Leafmold: An Excerpt

by | Mar 11, 2014 | Poetry

from Leafmold

The albino goose sticks out like a live coal in a shoveful of ashes—there’s no mistaking him overhead, even through high limbs. Half a mile upstream, the dog and I find a feathered carcass surrounded by canine prints in the snow: no head, no feet, just a picked-clean ribcage and two ruined wings. A ladder made of vultures. An echo goes nowhere in a frozen well—not even a self at the bottom. While the dog is pissing, the world returns: a massive, overgrown maple is year-by-year pushing a pine to the ground. Peas, onion, zucchini, tomatoes, and a patient, guiding hand. Somewhere, a fuse has blown. What the holy stranger painted on the womb’s untouched wall: no never naught. A ladder: quaintness, worship, and a week syntaxed with snow. Truth is a worn-out, fraying hat—still fits. Five degrees and falling: a full moon behind starved branches. We picture waterwheels, hundreds of miles to the south, breaking stasis into chaos—we sleep well.

 

Finally, the year’s longest night arrives without a sound. A carnivore at the edge of town. The roar of gas rushing from the nozzle’s mouth. In the mind’s belly, snow tapers off into a dread the color of rotten coral and all night the postures and vernacular freeze into friezes. Thick August and the cicadas are all but finished. No one loves the moon like we do and we don’t even love the moon. Seems the universe has had to recycle more than a few faces this year. First light on the marshes: within each bead of dew the temples are rising and falling, falling and rising again. So the dog shits in the Volvo’s backseat. So the hermits have all raised white flags above their thatched huts. At one point it seemed the fiddle played itself—all the dancers flashing gold teeth at the whiskey-slick boards of the floor. Two magnets within and the soul rolls in slow circles. At evening the sound of wood being chopped pierces the windows. Hours later we smell smoke.

 

When in the swerve-light of dawn a pumpkinbird settles in a birch’s bones. Loud, hard coughing under a weak sun. Hookworm, whipworm, tapeworm—the determination to get within amazes. Given two bad weeks, it can all collapse, don’t you think? Night comes nearer and nearer—an austere animal at the edge of touch. I go for months without a vision until I find the old woman dying for sleep, the birds—owls, hawks, eagles—staring down from the cloudy trees with a patience that keeps her breathe from giving way. Roofers next door making a racket that hits the heart of autumn before dropping into snow. What is this fucking feeling behind the teeth? Picture gold curdling. Picture the black spikes of a coastal fort against clear skies. Have you ever felt it? The dog explodes when car doors slam, when cupboards open, when book slips from hand. What matters is that it is happening again and that what has happened might continue.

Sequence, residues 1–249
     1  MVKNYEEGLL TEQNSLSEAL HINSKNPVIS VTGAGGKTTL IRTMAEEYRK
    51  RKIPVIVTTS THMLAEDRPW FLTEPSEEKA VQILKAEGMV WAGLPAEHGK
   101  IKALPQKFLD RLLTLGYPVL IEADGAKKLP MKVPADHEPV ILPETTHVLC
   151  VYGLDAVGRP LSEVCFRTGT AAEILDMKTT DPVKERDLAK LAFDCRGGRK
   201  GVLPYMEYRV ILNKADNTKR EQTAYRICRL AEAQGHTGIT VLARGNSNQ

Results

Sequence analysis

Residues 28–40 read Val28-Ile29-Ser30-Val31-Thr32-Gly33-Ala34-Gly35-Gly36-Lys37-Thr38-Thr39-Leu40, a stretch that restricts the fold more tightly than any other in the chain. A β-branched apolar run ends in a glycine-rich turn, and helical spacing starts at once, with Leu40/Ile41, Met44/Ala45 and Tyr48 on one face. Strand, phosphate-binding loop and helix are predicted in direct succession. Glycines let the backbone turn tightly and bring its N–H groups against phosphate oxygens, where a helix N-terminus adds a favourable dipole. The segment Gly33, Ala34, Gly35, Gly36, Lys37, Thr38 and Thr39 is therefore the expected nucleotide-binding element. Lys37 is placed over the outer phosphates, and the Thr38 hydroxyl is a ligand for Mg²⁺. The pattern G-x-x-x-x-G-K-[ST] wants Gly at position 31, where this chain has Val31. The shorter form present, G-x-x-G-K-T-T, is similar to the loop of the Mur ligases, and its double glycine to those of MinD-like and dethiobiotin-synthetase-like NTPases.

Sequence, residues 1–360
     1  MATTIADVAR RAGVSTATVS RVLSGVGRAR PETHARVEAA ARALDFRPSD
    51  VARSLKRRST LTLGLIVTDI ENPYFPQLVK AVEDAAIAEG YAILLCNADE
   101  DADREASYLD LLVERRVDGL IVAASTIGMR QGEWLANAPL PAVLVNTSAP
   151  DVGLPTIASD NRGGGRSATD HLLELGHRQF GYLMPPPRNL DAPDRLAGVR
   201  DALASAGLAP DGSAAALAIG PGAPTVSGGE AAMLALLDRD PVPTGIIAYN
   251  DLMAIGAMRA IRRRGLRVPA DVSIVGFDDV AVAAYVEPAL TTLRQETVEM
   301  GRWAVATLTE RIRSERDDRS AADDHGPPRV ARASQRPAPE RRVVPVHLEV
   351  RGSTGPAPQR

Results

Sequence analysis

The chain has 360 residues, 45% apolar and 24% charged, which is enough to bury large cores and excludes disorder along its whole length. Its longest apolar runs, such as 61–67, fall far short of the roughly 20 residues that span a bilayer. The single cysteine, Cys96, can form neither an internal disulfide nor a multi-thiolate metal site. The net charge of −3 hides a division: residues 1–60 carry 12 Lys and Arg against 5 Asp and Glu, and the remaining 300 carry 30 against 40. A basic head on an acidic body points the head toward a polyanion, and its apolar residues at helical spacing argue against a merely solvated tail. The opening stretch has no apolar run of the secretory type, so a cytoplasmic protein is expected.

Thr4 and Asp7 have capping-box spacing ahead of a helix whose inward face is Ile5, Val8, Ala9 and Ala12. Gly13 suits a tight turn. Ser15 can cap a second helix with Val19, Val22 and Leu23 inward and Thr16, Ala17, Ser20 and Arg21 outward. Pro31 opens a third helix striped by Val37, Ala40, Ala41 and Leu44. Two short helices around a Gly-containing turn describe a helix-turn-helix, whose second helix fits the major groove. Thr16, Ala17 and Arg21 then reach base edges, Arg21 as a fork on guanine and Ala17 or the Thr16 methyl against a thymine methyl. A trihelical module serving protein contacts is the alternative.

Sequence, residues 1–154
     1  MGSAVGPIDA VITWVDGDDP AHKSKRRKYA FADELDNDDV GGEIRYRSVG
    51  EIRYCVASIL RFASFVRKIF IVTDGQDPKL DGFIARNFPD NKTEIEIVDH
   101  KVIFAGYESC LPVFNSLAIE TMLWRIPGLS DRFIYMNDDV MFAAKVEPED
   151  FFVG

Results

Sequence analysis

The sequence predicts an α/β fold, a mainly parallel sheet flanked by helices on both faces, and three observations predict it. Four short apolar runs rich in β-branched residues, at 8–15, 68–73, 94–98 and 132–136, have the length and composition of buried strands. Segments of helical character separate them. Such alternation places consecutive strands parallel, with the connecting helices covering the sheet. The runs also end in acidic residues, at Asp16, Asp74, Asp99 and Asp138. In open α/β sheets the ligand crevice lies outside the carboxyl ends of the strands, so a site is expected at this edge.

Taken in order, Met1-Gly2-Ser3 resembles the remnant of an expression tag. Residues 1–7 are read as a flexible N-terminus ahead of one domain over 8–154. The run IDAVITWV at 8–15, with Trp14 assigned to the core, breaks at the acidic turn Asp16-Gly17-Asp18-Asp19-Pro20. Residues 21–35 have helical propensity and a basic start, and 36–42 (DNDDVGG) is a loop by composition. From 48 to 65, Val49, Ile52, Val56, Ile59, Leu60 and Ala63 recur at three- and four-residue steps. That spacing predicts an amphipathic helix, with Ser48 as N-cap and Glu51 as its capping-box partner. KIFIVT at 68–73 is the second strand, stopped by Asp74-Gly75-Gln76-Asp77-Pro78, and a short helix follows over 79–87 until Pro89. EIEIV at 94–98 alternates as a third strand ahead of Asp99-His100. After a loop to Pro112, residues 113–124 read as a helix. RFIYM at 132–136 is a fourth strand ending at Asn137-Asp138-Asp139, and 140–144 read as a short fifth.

Dissonance versus summer—an argument the electric saw mediates all morning long. A tableau vivant of armored soldiers marching toward a sea. Ghosts blur the stars as they plummet through our atmosphere. Good, tense lines in my head before sleep—now nothing more than a vague joy, a barely describable shifting at the brain’s backdoor. What the moon forged against midnight: a white-hot line of Arabic and a smokestack billow drifting above it. The ATM card gets lost and I go back to the moment before I rolled down my window—a car in the next lane honking to warn me of the future. They say retuning the liver takes a good three years but the change in frequency is worth it. As the southpaw controls the rain, as the fog over Beijing absorbs death and light at once, so the right hand with but a twitch brings all the waters of earth to a furious boil. My neighbor the knife-maker has lymphoma—he can barely lift a hammer. Same noble glint to his eyes, though.

 

 

 

Photo By: uccsbiology

About The Author

F. Daniel Rzicznek

F. Daniel Rzicznek is the author of two poetry collections, Divination Machine (Free Verse Editions/Parlor Press, 2009) and Neck of the World (Utah State University Press, 2007), as well as three chapbooks, Nag Champa in the Rain (Orange Monkey Publishing, 2014), Vine River Hermitage (Cooper Dillon Books, 2011), and Cloud Tablets (Kent State University Press, 2006). His work can be found forthcoming in The Kenyon Review, Verse, Blackbird, Quarter After Eight, Passages North, and Another Chicago Magazine. Also coeditor (with Gary L. McDowell) of The Rose Metal Press Field Guide to Prose Poetry: Contemporary Poets in Discussion and Practice (Rose Metal Press, 2010), Rzicznek teaches writing at Bowling Green State University.